WHAT’S BEING CLAIMED:
- Actress Felicity Huffman could spend 4 months in prison for pleading guilty regarding her participation in a college bribery scandal.
- Huffman confessed to paying a large amount of money to the organizer of the scheme to manipulate and change her daughter’s SAT score.
- Following her submission of her official plea, she was recommended by the U.S. Assistant Attorney to have 4 months prison time, with a $20,000 fine and supervised release of 12 months.
Film and TV actress Felicity Huffman could be sent to jail after pleading guilty Monday for being involved in the college admission scandal.
Dubbed Operation Varsity Blues, the scandal had several rich parents like Huffman and Fuller House star Lori Loughlin paying huge amounts of cash in order for their children to be admitted to prominent universities and colleges.
In April, Huffman pleaded guilty after admitting that she paid $15,000 to have her daughter’s SAT score changed. Her official plea was submitted on Monday to Judge Indira Talwani. The Assistant U.S. Attorney Eric Rosen proposed four months in prison along with a fine of $20,000 and 12 months of supervised release for Huffman.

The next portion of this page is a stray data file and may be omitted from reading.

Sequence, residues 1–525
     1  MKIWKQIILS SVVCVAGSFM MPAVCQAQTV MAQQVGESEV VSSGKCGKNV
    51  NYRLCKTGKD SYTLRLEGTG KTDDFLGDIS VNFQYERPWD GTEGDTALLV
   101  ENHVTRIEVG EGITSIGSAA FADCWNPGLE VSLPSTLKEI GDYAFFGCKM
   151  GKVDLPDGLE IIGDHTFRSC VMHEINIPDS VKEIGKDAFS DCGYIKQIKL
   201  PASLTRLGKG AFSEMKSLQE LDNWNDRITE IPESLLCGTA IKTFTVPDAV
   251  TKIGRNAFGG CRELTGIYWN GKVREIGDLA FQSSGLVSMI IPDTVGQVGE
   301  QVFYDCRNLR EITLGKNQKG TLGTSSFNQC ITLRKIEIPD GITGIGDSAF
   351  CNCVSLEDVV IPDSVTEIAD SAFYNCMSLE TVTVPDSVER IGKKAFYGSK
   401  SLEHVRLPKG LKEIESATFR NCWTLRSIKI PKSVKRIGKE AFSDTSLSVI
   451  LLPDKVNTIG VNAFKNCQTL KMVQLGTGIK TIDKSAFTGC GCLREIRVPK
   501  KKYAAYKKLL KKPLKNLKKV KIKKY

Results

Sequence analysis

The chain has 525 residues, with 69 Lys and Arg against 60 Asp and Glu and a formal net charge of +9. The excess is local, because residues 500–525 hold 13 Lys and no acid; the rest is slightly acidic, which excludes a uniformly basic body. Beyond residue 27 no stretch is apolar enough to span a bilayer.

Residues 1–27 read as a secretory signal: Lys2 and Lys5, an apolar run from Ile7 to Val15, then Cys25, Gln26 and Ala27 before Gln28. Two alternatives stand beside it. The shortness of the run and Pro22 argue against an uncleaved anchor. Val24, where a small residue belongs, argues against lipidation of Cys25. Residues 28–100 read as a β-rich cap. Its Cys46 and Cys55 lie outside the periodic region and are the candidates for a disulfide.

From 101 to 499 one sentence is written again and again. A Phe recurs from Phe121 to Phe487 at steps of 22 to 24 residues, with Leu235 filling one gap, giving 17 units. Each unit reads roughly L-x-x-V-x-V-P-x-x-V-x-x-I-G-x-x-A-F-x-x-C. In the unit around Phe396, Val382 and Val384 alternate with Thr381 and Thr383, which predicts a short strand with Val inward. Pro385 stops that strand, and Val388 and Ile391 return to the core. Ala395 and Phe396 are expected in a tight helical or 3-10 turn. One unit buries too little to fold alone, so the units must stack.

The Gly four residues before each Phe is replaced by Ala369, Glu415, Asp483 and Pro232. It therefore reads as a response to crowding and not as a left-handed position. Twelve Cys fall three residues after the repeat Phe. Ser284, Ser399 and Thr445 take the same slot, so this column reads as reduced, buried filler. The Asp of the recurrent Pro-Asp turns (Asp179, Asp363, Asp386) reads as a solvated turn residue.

According to USA Today, Huffman gave up her ability to appeal the decision of the judge of up to 20 years in prison as part of the agreement. She was charged with one count of conspiracy to commit mail fraud and honest services mail fraud.
“I am in full acceptance of my guilt, with deep regret and shame over what I have done, and of the pain I have caused my daughter, my family, my friends, my colleagues and the educational community. I will accept the consequences that stem from those actions,” said Huffman whose actions appeared to clear her daughter, Sophia Grace Macy, of any involvement.
According to the affidavit, Huffman was accused of paying Rick Singer, the organizer of the scheme, to adjust her daughter’s college entrance exam. Singer provided Mark Riddell to proctor Macy’s exam and correct her answers. Her test was given a score of 1420, which is 400 points higher from her PSAT that she took the previous year.
Lawyer and author of Entitlemania: How Not to Spoil Your Kids, and What to Do if You Have, Richard Watts, told Newsweek that parents who commit crimes just to help their children progress in life are creating more problems.
He said that many parents seem to lose sight of what’s best for their children so they try to take over their academic career for them not to experience any hardship or failure.
“And yet self-reliance, failure and recovery are the very life forces that sharpen the tools of our youth to gain confidence in their ability to be agents of their own uplift,” added Watts.
Following the bribery scandal, concerns about the college admission process were raised including some who challenged how this would impact their children’s placement at their respective colleges and universities.